Muslim students dispel misconceptions about Islam caused by Islamic State

Erin Zaranec

The Islamic State claimed responsibility for the coordinated attacks in Paris that killed at least 132 people Friday night.

Kent State’s Muslim Students’ Association is hosting an Interfaith Prayer Vigil Thursday to honor the victims.

Members said they have seen an increase in discrimination against Islam due to increased media coverage of the Islamic State, especially after the attacks in Paris.

Freshman applied engineering major Ibrahim Albadri said he believes the Islamic State is not a religious group but a political group misrepresenting Islamic ideals to justify its actions.

Albadri said in an interview last week that he struggles with certain aspects of American media that portray the Islamic State as a segment of the Islam religion.

“(The Islamic State) has a different way of trying to maintain power,” he said. “They advertise the fact that they have guns, they have weapons, they advertise violence. Say there are 16,000 of them, or even 30,000 (members of the Islamic State). That doesn’t even represent 0.05 percent of those who practice Islam.”

Members of the group said they have increasingly been objected to stereotypes based on their religion over the last few years.

Amanda Lamadanie, a senior psychology major and MSA president, said she does not focus on the discrimination she has experienced as a result of her religion.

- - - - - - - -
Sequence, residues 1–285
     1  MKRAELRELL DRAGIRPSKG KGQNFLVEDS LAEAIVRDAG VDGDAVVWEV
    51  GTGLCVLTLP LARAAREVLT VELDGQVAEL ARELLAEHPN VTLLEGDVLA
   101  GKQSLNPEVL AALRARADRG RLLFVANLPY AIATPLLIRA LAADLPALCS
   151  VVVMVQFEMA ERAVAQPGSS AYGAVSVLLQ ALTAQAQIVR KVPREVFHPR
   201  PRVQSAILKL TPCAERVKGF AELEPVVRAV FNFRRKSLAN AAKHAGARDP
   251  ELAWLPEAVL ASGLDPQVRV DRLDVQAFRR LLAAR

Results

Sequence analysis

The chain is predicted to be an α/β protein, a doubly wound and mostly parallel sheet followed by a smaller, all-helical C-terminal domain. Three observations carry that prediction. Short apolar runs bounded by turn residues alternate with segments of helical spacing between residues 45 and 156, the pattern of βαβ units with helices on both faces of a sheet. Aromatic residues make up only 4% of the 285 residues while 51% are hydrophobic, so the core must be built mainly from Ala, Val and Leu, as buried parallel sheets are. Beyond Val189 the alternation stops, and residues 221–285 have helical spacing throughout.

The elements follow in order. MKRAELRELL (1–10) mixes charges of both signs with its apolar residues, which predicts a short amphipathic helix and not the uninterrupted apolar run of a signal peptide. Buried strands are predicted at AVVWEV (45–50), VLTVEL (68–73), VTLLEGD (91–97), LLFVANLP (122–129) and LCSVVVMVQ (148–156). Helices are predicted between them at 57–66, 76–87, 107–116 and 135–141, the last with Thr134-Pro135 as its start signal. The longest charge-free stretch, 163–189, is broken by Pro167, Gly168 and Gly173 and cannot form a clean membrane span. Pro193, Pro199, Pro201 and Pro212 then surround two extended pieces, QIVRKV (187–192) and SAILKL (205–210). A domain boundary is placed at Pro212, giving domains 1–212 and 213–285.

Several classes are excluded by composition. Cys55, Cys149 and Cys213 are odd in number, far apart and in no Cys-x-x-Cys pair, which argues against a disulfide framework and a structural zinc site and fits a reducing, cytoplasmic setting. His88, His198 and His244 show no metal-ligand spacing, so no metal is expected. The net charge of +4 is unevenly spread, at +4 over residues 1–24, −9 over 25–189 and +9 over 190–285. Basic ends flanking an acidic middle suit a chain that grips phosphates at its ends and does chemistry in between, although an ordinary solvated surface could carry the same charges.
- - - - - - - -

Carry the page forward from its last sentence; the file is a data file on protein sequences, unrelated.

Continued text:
“I have definitely encountered (stereotypes) but…there are a lot of stories out there about things people have encountered that are much worse than anything I have encountered in my own life,” Lamadanie said in an interview last week. “I really try not to focus on any of those things and would much rather just talk about what Islam is versus what it isn’t.”

Lamadanie said Kent State’s MSA has 15 regular members but Muslim and non-Muslim students are welcome to attend meetings throughout the year.

“(Our goal for MSA this year) was to create a culture of devotion, character, knowledge, community and service,” Lamadanie said.

Sophomore chemistry major Dania Saleh said MSA provides a space to discuss the role of Islam in her life and allows her to stay in touch with her religion.

“Islam is just something that is integrated into my life now,” Saleh said. “It isn’t something I necessarily have to put effort into, but having MSA is also a really good support system, and it allows me to discuss thoughts and ideals that I wouldn’t talk about on a daily basis.” 

The majority of MSA members were born into Muslim families and have been practicing Islam their entire lives. 

Other members of the MSA echoed Albadri’s frustration with the misconceptions of the Islam religion.

“The one thing that I honestly wish would happen more is people asking me questions,” said Ruba Abu-Amara, a freshman psychology major. “I would rather have people be curious about Islam and maybe not fully understand it and approach me with those questions. That is much, much better than just assuming the worst and assuming we are associated with violence and terror.”

Erin Zaranec is a student life reporter for The Kent Stater. Contact her at [email protected].